This spring, I traveled to the cradle of the Arab uprisings — a forlorn street corner in Sidi Bouzid, Tunisia, where a street vendor, drenched in paint thinner, struck a match in December 2010 that ignited the entire Middle East. “We have far more freedoms,” one peddler hawking fruit in the same square lamented, “but far fewer jobs.” Another noted that Mohamed Bouazizi, the vendor who set himself on fire, did so not to vote in a democratic election but because harassment by local officials had cost him his livelihood.
As the peddlers vented, prayers ended at the whitewashed mosque across the street. Among the faithful were Salafis, ultraconservative Sunni Muslims vying to define the new order according to seventh-century religious traditions rather than earthly realities. For years, many Salafis — “salaf” means predecessors — had avoided politics and embraced autocrats as long as they were Muslims. But over the past eight months, clusters of worshipers across the Middle East have morphed into powerful Salafi movements that are tapping into the disillusionment and disorder of transitions.
A new Salafi Crescent, radiating from the Persian Gulf sheikdoms into the Levant and North Africa, is one of the most underappreciated and disturbing byproducts of the Arab revolts. In varying degrees, these populist puritans are moving into the political space once occupied by jihadi militants, who are now less in vogue. Both are fundamentalists who favor a new order modeled on early Islam. Salafis are not necessarily fighters, however. Many disavow violence.
In Tunisia, Salafis started the Reform Front party in May and led protests, including in Sidi Bouzid. This summer, they’ve repeatedly attacked symbols of the new freedom of speech, ransacking an art gallery and blocking Sufi musicians and political comedians from performing. In Egypt, Salafis emerged last year from obscurity, hastily formed parties, and in January won 25 percent of the seats in parliament — second only to the 84-year-old Muslim Brotherhood. Salafis are a growing influence in Syria’s rebellion. And they have parties or factions in Algeria, Bahrain, Kuwait, Libya, Yemen and among Palestinians.
Salafis are only one slice of a rapidly evolving Islamist spectrum. The variety of Islamists in the early 21st century recalls socialism’s many shades in the 20th. Now, as then, some Islamists are more hazardous to Western interests and values than others. The Salafis are most averse to minority and women’s rights.
A common denominator among disparate Salafi groups is inspiration and support from Wahhabis, a puritanical strain of Sunni Islam from Saudi Arabia. Not all Saudis are Wahhabis. Not all Salafis are Wahhabis, either. But Wahhabis are basically all Salafis. And many Arabs, particularly outside the sparsely populated Gulf, suspect that Wahhabis are trying to seize the future by aiding and abetting the region’s newly politicized Salafis — as they did 30 years ago by funding the South Asian madrassas that produced Afghanistan’s Taliban.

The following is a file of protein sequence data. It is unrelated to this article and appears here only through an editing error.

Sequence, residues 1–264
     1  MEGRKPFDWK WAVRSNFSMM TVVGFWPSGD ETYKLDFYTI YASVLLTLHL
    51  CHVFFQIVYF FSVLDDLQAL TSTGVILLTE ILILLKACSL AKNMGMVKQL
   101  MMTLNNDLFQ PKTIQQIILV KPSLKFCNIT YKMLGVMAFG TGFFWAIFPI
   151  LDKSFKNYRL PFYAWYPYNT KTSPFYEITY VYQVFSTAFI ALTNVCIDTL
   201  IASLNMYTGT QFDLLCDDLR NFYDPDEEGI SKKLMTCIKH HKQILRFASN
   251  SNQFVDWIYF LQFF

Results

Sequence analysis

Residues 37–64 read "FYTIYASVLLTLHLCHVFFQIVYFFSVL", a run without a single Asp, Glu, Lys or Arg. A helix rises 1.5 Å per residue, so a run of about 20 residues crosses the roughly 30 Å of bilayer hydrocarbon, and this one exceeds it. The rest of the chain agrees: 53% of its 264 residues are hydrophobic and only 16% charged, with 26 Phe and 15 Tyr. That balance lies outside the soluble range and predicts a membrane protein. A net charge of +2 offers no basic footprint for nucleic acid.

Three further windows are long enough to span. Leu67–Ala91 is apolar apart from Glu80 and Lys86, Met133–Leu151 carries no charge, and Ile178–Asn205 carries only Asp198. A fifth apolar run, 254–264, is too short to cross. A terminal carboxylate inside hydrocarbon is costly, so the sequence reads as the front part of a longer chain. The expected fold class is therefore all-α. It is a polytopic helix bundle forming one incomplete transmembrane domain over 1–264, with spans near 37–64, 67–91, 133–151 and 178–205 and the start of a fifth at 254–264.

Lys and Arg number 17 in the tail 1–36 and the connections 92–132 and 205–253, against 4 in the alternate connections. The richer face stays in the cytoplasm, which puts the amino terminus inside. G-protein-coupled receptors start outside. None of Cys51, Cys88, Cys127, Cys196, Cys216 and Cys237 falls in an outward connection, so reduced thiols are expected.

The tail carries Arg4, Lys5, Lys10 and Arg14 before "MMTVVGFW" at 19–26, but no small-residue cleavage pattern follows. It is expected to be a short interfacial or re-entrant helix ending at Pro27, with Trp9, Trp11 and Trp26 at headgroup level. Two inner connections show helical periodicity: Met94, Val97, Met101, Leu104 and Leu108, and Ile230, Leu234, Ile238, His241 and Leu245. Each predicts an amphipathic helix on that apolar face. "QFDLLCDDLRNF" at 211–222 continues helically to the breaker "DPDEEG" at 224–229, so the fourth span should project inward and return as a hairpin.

Salafis go much further in restricting political and personal life than the larger and more modern Islamist parties that have won electoral pluralities in Egypt, Tunisia and Morocco since October. For most Arabs, the rallying cry is justice, both economic and political. For Salafis, it is also about a virtue that is inflexible and enforceable.
“You have two choices: heaven or hellfire,” Sheikh Muhammad el-Kurdi instructed me after his election to Egypt’s parliament as a member of Al Nour, a Salafi party. It favors gender segregation in schools and offices, he told me, so that men can concentrate. “It’s O.K. for you to be in the room,” he explained. “You are our guest, and we know why you’re here. But you are one woman and we are three men — and we all want to marry you.” Marriage may have been a euphemism.
Other more modern Islamists fear the Salafi factor. “The Salafis try to push us,” said Rachid al-Ghannouchi, founder of Ennahda, the ruling Islamist party in Tunisia. The two Islamist groups there are now rivals. “Salafis are against drafting a constitution. They think it is the Koran,” grumbled Merhézia Labidi, the vice chairwoman of Tunisia’s Constituent Assembly and a member of Ennahda.
Salafis are deepening the divide between Sunni and Shiite Muslims and challenging the “Shiite Crescent,” a term coined by Jordan’s King Abdullah in 2004, during the Iraq war, to describe an arc of influence from Shiite-dominated Iran to its allies in Iraq, Syria and Lebanon. Today, these rival crescents risk turning countries in transition into battlefields over the region’s future.
The Salafis represent a painful long-term conundrum for the West. Their goals are the most anti-Western of any Islamist parties. They are trying to push both secularists and other Islamists into the not-always-virtuous past.
American policy recently had its own awakening after 60 years of support for autocratic rulers. The United States opted to embrace people power and electoral change in Tunisia, Egypt, Libya, Morocco and Yemen. Yet Washington still embraces authoritarian Gulf monarchies like Saudi Arabia, tolerating their vague promises of reform and even pledging the United States’ might to protect them.
Foreign policy should be nuanced, whether because of oil needs or to counter threats from Iran. But there is something dreadfully wrong with tying America’s future position in the region to the birthplace and bastion of Salafism and its warped vision of a new order.
Robin Wright, the author of Rock the Casbah: Rage and Rebellion Across the Islamic World, is a fellow at the United States Institute of Peace and the Woodrow Wilson International Center for Scholars.